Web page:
An Unnecessary Existence

In Dostoevsky’s The Demons, the character, Kirillov, is insanely fascinated with freedom. He cannot bear the fact that he did not choose his own existence. Life is a “given.” In what must be seen as a parable of the radical thought of the 19th century, Kirillov determines to kill himself, the only act of true freedom he can take.

His insight about the necessity of his own existence and its lack of freedom was correct. We did not choose existence for ourselves – it is given to us. I must eat. I must breathe. I must work. I must suffer. These are unavoidable necessities. The nature of created existence is marked by such necessity. It is, of course, possible to embrace our necessity and make peace with it. However, Kirillov’s intuition, that such necessity is at odds with freedom remains true.

Freedom is a major theme within the gospel and the preaching of Christ. His promise concerning the Truth, is that in knowing it “shall make you free.” And He adds, “If the Son shall make you free, you will be truly free.” St. Paul tells us that “where the Spirit of the Lord is, there is liberty (freedom).” Freedom is a key characteristic of the life in Christ.

But how do we live a life of freedom within a necessary existence? What can we say to Kirillov?

The free life of a human being is what the Tradition describes as Personhood. Our personal existence is our existence in freedom and love. Our life as a Person cannot be identified with the summary of memories, experiences, reasonings, feelings, etc. Who I am as “person” is not the same thing as the “story of me.”

It is not correct to think of the Person as creature, a thing. It is not a thing of creation. It is a dynamic existence – that which is as-I-am-towards-the-other. My self as person is not something within itself – it is a movement outside of the self. It is a gift that exists in the act of love. As such, there is no necessity in its existence. It is free because love only exists in freedom.

The Scriptures refer to this existence in a manner that transcends time. The Person is referred to both before our biological existence and as something yet to come.

Before I formed you in the womb I knew you (Jer. 1:5).

It does not yet appear what we shall be. But we know that when He appears, we shall be like Him, for we shall see Him as He is (1John 3:2).

That God knows Jeremiah before he was formed in the womb is not at all a statement of a pre-determined existence, or a life without free will. The Jeremiah whom God knows is the Jeremiah who is coming-into-being moment by moment as he freely fulfills the life God has always known.

The life that is mine in Christ is also a Cross that is taken up and freely accepted. It doesn’t yet appear to me who I shall be, but rather I am promised that the person that I am even now fulfilling is like Christ.

On the daily level, I think we generally spend our time trying to reform the “old man.” We try to improve the ego and control the body. But the call of our life in Christ is not towards improvement but towards a new existence (“if any one is in Christ there is a new creation”). The commandments of Christ point us in the direction of that manner of living.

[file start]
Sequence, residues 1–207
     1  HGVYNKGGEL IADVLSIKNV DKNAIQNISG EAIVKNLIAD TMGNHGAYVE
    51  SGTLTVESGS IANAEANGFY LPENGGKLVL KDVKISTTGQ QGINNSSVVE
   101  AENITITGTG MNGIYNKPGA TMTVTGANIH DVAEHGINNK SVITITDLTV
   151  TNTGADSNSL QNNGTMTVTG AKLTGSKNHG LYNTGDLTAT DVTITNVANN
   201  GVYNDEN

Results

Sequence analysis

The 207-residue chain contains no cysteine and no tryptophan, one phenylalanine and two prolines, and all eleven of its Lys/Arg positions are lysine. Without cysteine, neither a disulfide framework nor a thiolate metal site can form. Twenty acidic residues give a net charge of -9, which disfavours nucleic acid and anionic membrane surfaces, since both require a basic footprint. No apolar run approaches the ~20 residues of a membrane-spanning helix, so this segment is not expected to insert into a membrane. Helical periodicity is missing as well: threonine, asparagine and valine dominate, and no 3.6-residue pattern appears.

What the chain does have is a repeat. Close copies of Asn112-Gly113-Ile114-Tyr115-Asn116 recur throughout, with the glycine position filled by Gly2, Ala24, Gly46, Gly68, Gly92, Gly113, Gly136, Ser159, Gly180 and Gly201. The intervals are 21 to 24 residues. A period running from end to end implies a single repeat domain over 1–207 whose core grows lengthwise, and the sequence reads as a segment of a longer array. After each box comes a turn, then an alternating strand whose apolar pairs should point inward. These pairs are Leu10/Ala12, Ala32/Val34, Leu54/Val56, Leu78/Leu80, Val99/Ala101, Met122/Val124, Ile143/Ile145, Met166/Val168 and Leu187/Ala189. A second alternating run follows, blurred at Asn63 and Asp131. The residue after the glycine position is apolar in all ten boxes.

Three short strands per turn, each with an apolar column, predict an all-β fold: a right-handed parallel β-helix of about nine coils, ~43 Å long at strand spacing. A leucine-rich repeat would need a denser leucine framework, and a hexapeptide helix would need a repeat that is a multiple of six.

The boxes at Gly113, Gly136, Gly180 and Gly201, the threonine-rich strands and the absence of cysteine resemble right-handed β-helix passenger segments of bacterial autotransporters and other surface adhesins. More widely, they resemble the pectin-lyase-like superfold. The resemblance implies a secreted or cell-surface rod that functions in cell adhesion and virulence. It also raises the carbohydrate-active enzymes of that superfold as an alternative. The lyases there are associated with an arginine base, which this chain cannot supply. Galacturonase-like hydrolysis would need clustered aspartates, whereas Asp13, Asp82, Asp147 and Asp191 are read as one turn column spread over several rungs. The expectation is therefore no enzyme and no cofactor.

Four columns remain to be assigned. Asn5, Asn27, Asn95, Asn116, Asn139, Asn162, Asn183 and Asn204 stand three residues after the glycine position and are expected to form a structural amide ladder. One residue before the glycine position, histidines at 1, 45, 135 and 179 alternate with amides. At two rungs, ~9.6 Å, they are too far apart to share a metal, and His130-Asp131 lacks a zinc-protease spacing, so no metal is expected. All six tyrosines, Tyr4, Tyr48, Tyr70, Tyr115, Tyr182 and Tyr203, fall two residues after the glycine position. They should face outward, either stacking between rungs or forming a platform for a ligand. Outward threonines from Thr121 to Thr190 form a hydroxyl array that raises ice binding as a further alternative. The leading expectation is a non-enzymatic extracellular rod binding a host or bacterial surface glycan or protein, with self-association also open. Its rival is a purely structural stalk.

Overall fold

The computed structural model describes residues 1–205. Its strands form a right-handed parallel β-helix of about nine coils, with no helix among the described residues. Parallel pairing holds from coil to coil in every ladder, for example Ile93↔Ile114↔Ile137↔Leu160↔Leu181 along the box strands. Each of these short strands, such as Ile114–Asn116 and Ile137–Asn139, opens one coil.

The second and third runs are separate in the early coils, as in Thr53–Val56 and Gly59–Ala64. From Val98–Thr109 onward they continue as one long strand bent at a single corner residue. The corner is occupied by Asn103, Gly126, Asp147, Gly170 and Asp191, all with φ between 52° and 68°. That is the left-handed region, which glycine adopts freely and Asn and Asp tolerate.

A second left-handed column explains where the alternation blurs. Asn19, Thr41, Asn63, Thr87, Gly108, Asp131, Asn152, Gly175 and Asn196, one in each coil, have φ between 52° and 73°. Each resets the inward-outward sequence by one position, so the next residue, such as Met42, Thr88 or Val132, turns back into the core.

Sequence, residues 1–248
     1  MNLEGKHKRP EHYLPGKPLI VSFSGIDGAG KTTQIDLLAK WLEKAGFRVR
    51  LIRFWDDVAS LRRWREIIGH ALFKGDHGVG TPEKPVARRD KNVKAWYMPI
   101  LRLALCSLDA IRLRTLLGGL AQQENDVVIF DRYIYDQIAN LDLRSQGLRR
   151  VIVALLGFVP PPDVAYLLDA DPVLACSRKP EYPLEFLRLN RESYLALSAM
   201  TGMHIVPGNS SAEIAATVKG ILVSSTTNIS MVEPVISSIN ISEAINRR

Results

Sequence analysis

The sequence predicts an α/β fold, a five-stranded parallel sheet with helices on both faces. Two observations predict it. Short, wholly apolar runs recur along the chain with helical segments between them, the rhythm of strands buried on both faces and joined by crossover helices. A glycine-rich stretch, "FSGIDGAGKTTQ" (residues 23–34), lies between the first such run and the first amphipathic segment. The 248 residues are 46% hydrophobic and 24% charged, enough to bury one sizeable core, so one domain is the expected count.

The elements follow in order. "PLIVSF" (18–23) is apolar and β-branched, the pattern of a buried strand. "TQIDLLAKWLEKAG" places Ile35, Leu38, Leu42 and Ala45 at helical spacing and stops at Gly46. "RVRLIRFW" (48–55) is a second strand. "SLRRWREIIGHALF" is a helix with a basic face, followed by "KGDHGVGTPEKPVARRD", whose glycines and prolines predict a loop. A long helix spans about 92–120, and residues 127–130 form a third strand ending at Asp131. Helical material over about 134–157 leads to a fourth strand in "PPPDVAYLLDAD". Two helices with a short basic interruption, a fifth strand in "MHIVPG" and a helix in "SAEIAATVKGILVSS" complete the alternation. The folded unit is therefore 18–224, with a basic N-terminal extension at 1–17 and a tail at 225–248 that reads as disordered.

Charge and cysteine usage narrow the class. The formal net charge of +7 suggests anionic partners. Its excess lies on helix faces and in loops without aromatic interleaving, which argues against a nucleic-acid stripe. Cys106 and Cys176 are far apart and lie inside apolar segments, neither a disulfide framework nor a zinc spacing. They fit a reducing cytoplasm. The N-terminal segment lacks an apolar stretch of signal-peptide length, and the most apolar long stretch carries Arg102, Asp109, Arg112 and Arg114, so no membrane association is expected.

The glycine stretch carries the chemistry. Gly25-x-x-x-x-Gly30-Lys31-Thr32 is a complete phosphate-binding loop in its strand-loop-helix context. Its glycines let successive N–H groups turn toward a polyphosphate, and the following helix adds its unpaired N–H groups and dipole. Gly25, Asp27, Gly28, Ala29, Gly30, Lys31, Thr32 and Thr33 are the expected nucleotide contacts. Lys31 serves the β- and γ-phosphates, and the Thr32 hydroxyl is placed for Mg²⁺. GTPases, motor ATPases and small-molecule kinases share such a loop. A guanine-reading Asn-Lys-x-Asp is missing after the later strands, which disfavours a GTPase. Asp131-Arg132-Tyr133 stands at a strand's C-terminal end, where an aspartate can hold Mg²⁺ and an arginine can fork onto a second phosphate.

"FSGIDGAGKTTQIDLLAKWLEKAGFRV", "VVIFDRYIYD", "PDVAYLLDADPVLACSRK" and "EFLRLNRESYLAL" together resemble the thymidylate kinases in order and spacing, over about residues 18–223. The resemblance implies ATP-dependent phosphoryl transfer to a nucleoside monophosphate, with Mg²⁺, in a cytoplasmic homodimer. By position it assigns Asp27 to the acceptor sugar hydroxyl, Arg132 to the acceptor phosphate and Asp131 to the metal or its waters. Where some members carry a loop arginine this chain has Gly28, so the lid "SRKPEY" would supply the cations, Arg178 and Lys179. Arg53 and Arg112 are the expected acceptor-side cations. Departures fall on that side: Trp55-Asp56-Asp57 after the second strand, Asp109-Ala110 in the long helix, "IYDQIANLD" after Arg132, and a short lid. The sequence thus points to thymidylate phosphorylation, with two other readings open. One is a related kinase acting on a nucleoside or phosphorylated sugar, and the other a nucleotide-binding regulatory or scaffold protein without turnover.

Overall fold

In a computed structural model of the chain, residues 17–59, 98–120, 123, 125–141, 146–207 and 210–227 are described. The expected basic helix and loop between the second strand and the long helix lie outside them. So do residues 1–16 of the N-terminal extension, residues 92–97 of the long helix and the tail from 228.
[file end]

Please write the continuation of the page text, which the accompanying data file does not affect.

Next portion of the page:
Forgive everyone for everything.

The forgiveness of our enemies (everyone for everything) is an act of pure freedom. It is not a necessity. It is not a road towards moral improvement or the betterment of society. It is releasing the chains that bind us to necessity. Forgiveness means I no longer have to hate. I no longer need live in shame. I am able to love.

Do not be anxious for anything.

The things that we experience anxiously are experienced as necessities. We fear that we will be hurt or suffer because of events beyond our control. We treasure the ego and value our natural existence above all else. “He who seeks to save his life will lose it.” When we lose our “life” (that which we can control), we gain true freedom (that which is pure gift).

Give thanks always for everything.

The offering of thanks does not come as a necessity. If thanks were a necessity it would have no value. God would have “bought” our gratitude. Rather, it is an offering freely given. Because it is freely given and carries no necessity, the giving of thanks can be offered for all things – even those things we dread or despise. For what I dread and despise do not own me. My freedom becomes visible in the act of thanksgiving.

Unnecessary existenceTo live as a person in union with Christ is to enter the freedom of an unnecessary existence.

Kirillov’s insane intuition was insane because it was pointed in the wrong direction. His “freedom” was to be bought by denying himself existence. He falsely assumed that suicide would result in non-existence – annihilation. What he did not see that true freedom is only found in the loss of self that comes through love. If we love Christ, we shall be like Him. God is love. We, too, are able to enter into such an existence. “Freely you have received, freely give.”

Source: Glory To God For All Things

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